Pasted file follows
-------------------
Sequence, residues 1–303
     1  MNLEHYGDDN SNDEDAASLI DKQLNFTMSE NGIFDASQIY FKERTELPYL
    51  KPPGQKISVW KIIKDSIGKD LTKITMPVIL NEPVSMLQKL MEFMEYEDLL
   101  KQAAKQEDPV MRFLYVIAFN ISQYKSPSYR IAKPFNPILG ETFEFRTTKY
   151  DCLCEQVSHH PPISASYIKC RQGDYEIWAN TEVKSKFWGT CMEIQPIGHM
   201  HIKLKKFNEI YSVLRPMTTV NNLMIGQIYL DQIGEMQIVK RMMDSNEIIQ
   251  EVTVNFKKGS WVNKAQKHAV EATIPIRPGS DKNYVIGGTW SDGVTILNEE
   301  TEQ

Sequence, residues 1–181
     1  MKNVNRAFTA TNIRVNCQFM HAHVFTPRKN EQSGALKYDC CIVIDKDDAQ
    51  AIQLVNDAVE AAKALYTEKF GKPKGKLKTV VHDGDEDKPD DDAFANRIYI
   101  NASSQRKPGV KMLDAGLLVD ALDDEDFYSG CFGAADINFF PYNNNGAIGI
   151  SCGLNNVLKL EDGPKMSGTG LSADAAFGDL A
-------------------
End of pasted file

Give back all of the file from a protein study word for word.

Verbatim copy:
Sequence, residues 1–303
     1  MNLEHYGDDN SNDEDAASLI DKQLNFTMSE NGIFDASQIY FKERTELPYL
    51  KPPGQKISVW KIIKDSIGKD LTKITMPVIL NEPVSMLQKL MEFMEYEDLL
   101  KQAAKQEDPV MRFLYVIAFN ISQYKSPSYR IAKPFNPILG ETFEFRTTKY
   151  DCLCEQVSHH PPISASYIKC RQGDYEIWAN TEVKSKFWGT CMEIQPIGHM
   201  HIKLKKFNEI YSVLRPMTTV NNLMIGQIYL DQIGEMQIVK RMMDSNEIIQ
   251  EVTVNFKKGS WVNKAQKHAV EATIPIRPGS DKNYVIGGTW SDGVTILNEE
   301  TEQ

Sequence, residues 1–181
     1  MKNVNRAFTA TNIRVNCQFM HAHVFTPRKN EQSGALKYDC CIVIDKDDAQ
    51  AIQLVNDAVE AAKALYTEKF GKPKGKLKTV VHDGDEDKPD DDAFANRIYI
   101  NASSQRKPGV KMLDAGLLVD ALDDEDFYSG CFGAADINFF PYNNNGAIGI
   151  SCGLNNVLKL EDGPKMSGTG LSADAAFGDL A